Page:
By Kailei Richardson
This past February, I had the pleasure of attending an event featuring poet, playwright and professor, Elizabeth Alexander, Ph.D at the Yale Club in New York. There, Dr. Alexander gave a thought-provoking talk about the parallels between African American studies and poetry during Black History Month. While listening to her speak about her experiences and thoughts on the subject, it was clear why she was selected to recite one of her poems (“Praise Song for the Day“) during Barack Obama’s presidential inauguration. In fact, just about everything that came out of her mouth sounded poetic. After hearing her share her perspective on how poetry has helped her in other aspects of her life, it seemed fitting to profile her for National Poetry Month.
Going back to the event in February, along with the topic at hand that evening, Elizabeth shared some of her poetry and described how being involved in poetry and dance helped her hone her crafts and be more disciplined. Some of the highlights of her lecture included introducing her father, Yale law grad of 1958, and providing us with somewhat of a “FAQ” about her experience reading at the inauguration. When asked if the inauguration was “fun” she replied with an emphatic, “No!” She did say, however, that it was one of the most incredible experiences she has had in her lifetime.
About Elizabeth Alexander, Ph.D.
Elizabeth was born in Harlem, New York and grew up in Washington, DC. Her father was not only an Ivy League law grad back when many people with that level of education did not look like him, but also led a tremendous career as a former United States Secretary of the Army and Equal Employment Opportunity Commission. Elizabeth followed her father’s footsteps and also attended Yale for her undergraduate degree and subsequently attended Boston University where she received an M.A., and the University of Pennsylvania where she received a Ph.D.
Teaching has been somewhat of a home-base for her over the years, as she has taught at numerous prestigious institutions including Northwestern University, University of Pennsylvania, University of Chicago, Smith College and Yale University, where she is currently both a professor of African American Studies and the chair of the department. Among numerous other awards, The University of Chicago awarded her with the Quantrell Award for Excellence in Undergraduate Teaching – the highest and oldest teaching award given by the university. Despite her “day job” of teaching, she has continued to develop her talent for the literary arts. Fellow poet Rita Dove has said that Elizabeth’s “poems bristle with the irresistible quality of a world seen fresh.” In fact, her 2005 poetry collection entitled, American Sublime was a finalist for the Pulitzer Prize. You may have even seen Elizabeth earlier this year when she was one of 12 people profiled by in “Faces of America” on PBS where Henry Louis Gates explored family history and genealogy to uncover information about where and from whom those profiled “came from.” In this program, it was discovered that Elizabeth and Stephen Colbert had shared lineage.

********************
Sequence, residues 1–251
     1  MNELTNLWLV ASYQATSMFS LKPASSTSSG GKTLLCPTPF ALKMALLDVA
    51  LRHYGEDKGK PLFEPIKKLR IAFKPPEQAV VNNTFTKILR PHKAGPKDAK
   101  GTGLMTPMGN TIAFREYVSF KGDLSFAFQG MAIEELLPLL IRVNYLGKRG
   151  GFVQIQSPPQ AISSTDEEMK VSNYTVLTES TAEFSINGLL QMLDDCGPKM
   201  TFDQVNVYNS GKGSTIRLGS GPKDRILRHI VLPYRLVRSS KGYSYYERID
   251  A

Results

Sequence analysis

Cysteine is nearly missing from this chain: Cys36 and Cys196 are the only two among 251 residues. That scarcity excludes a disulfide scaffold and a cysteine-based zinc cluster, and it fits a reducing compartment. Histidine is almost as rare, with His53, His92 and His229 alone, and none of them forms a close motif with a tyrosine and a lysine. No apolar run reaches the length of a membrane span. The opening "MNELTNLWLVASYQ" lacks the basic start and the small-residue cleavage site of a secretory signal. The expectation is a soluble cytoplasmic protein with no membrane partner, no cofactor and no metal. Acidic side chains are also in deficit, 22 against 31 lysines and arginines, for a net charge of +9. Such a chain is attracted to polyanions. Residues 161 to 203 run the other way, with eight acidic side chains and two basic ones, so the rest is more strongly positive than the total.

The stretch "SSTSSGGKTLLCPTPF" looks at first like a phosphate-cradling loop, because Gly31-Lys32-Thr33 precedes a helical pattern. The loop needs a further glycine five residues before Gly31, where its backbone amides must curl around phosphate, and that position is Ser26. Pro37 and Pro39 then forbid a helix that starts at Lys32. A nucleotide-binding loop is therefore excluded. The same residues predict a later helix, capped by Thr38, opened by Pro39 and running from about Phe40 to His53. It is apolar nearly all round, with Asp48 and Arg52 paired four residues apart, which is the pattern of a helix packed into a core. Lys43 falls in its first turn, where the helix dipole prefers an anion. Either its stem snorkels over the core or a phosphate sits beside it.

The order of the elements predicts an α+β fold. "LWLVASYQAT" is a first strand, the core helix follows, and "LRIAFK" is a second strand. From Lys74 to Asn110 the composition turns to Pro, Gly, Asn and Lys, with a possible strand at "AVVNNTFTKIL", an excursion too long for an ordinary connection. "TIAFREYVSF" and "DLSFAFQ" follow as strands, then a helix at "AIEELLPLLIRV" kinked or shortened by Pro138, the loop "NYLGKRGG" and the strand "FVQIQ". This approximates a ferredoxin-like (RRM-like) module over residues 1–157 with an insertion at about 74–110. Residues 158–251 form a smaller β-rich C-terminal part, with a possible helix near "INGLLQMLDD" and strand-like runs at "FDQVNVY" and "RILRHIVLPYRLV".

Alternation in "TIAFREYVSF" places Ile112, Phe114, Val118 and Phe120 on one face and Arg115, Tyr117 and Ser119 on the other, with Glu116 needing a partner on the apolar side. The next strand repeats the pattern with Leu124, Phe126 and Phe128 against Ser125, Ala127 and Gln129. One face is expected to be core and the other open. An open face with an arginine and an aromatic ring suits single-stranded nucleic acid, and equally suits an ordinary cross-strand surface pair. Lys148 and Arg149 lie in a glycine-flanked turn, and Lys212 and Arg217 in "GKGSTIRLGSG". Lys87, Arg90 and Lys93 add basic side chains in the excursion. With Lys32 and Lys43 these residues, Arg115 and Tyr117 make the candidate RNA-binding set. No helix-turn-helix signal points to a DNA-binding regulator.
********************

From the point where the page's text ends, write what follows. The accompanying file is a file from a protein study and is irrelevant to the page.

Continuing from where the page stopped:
Elizabeth Alexander has become both a face of modern poetry and an advocate for the literary arts, demonstrated by her involvement with numerous poetry workshops and organizations as well as countless mentoring of students and poets old and young. In an age when forms of the literary arts do not get as much emphasis and attention as they should, it’s refreshing to see inspiring people like her remind us if their importance.
Photo courtesy of Duke University.